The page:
Fort Berens finding prairie pairings 

Lillooet winery's pinot gris highlighted at Canadian Culinary Championships

click to enlarge PHOTO BY KIM LAWTON - WINNING PAIR Mystery Wine champion chef Mike Robins and Fort Berens Estate Winery co-owner Rolf de Bruin at the Gold Medal Plates Canadian Culinary Championships in Kelowna.
  • Photo by Kim Lawton
  • WINNING PAIR Mystery Wine champion chef Mike Robins and Fort Berens Estate Winery co-owner Rolf de Bruin at the Gold Medal Plates Canadian Culinary Championships in Kelowna.

Fort Berens Estate Winery played a pivotal part in the recent Gold Medal Plates Canadian Culinary Championships in Kelowna.

The Lillooet-based winery's 2016 pinot gris was selected as the centrepiece beverage for the mystery wine competition, where the 11 competing chefs sought to create the perfect pairing.

Co-owner Rolf de Bruin said the winery hadn't been affiliated with the competition before this year, but after a year in which many media members paid a visit, it caught the attention of writer and Gold Medal Plates wine advisor David Lawrason of Toronto.

"When he decided to select a wine for the mystery competition, he thought back through the summer and what he experienced, and contacted us to say that our pinot gris was selected to be the mystery wine," de Bruin said.

However, with Lillooet still an unknown on the greater national wine scene, de Bruin pointed out that not only was the wine a question mark, but so was its origin.

Chef Mike Robins of Winnipeg's Sous Sol created the People's Choice Award-winning dish of cold smoked halibut cheek and Salt Spring mussels, juniper berry, chantrelle mushroom lobster bisque with Parissienne gnocchi and cashew cream.

"We wanted to take a really simplistic approach and not overthink it," said Robins, who spent five years living in Whistler on-and-off before returning to the prairies. "We sat down with some ridiculously talented sommeliers and winemakers, who are known in the industry as masters of wine, to get some tasting notes and get what they thought the varietal was, which we nailed.

"We went separately into the kitchen and just thought of what we wanted to eat with it... We tried not to think too much about different flavour profiles and acidity or things like that."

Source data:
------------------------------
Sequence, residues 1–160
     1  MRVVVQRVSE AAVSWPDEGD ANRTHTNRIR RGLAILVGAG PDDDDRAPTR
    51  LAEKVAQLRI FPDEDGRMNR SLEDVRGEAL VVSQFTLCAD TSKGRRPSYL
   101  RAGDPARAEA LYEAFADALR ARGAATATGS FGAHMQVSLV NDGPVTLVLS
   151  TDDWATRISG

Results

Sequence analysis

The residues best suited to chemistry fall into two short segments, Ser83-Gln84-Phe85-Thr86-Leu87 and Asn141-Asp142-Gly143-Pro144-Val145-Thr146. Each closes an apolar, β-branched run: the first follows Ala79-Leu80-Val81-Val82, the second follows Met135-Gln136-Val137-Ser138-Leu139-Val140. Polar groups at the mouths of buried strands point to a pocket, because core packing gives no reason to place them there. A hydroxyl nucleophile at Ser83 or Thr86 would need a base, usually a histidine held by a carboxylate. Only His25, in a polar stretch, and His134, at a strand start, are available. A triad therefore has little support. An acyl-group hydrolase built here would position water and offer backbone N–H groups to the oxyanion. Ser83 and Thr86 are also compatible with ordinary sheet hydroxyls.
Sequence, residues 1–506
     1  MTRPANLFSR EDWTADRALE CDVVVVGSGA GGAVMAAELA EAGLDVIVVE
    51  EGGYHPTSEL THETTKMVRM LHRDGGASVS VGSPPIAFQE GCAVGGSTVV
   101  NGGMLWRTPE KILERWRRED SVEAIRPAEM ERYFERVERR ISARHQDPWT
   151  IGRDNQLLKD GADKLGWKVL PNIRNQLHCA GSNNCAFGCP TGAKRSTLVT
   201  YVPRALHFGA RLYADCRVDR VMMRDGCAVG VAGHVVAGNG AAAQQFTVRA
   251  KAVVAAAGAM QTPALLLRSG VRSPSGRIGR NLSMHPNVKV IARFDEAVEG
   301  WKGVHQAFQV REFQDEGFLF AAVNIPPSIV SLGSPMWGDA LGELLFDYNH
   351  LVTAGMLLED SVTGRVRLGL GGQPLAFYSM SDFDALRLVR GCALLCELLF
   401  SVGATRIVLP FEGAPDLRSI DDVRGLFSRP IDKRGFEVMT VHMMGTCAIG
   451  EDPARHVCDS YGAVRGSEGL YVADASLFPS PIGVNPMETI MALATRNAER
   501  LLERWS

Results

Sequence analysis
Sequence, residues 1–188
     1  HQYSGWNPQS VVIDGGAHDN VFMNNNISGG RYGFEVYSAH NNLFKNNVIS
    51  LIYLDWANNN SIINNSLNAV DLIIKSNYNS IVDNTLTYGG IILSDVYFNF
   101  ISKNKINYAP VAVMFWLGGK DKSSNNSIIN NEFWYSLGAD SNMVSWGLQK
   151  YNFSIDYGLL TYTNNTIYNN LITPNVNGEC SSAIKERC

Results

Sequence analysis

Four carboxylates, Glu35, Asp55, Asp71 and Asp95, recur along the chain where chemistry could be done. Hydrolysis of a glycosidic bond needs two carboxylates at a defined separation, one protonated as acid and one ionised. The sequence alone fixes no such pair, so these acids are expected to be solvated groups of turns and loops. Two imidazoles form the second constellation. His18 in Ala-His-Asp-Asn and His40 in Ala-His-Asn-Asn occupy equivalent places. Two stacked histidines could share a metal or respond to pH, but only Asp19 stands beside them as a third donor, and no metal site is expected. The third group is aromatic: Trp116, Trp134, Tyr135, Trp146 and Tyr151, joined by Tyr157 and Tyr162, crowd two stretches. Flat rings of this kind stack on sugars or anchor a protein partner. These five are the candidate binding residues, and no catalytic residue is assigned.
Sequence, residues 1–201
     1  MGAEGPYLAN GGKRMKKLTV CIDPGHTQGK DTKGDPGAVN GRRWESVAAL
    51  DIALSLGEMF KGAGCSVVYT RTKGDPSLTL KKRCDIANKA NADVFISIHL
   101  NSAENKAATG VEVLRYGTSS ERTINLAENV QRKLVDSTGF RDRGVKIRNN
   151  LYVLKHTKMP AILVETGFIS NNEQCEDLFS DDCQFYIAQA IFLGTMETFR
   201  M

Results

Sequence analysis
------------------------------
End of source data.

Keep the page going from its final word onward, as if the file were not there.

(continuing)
As a spectator, de Bruin said he wasn't flabbergasted by any of the combinations, but was impressed with the creativity of the 11 dishes nonetheless."These chefs are being judged not just on the pairing itself, but on the wow factor and the presentation," de Bruin said. "They go out of their way in order to create combinations that are really unique. Therefore, you saw a large variety of ingredients being used, from shellfish to seafood, to pork to chicken in a number of different cold and hot plates.

"We were just amazed at how many combinations worked really well with the wine. Maybe that says something about how versatile this wine is at the table, but maybe it's just the skill of the chefs."

Modesty aside, to even be considered for such a competition, a wine would have to play nice with a number of different flavours. While pinot gris generally isn't necessarily the flashiest choice at the table, de Bruin said Fort Berens takes care to set theirs apart from the field.

"In a lot of ways, the pinot gris that we make isn't a cookie cutter," de Bruin said. "We do a number of things with the wine here in small batches, we create some experiments to see how things would work. Those smaller batches slowly get blended into the main batches to add a little bit more complexity, so we have a little bit of the wine that was fermented in new, American oak barrels. It just adds a little bit of depth to that wine that you don't necessarily expect."

While de Bruin feels Fort Berens has established itself within the province, the competition helped the winery grow fans across the country.

"It's nice to have some connections in Regina and Winnipeg and Toronto to build from," he said. "We make great wine in B.C., but it's definitely not available in every place across the country. This is a pretty good start to broaden our market."

However, just days after the competition capped, the provincial wine industry took a hit when the Alberta provincial government announced a boycott of B.C. wines as a salvo in an ongoing dispute over the Kinder Morgan TransMountain pipeline.

The most frustrating part for de Bruin and other operators is a feeling of helplessness, as they haven't erred so there aren't any actions they can take to move toward a resolution.

"Certainly, for us, it's disappointing to see that B.C. wine has been caught in the middle of a dispute between the Alberta and B.C. governments about oil pipelines," he said. "Getting caught up in a trade war that we're no party of is very, very trying for us."


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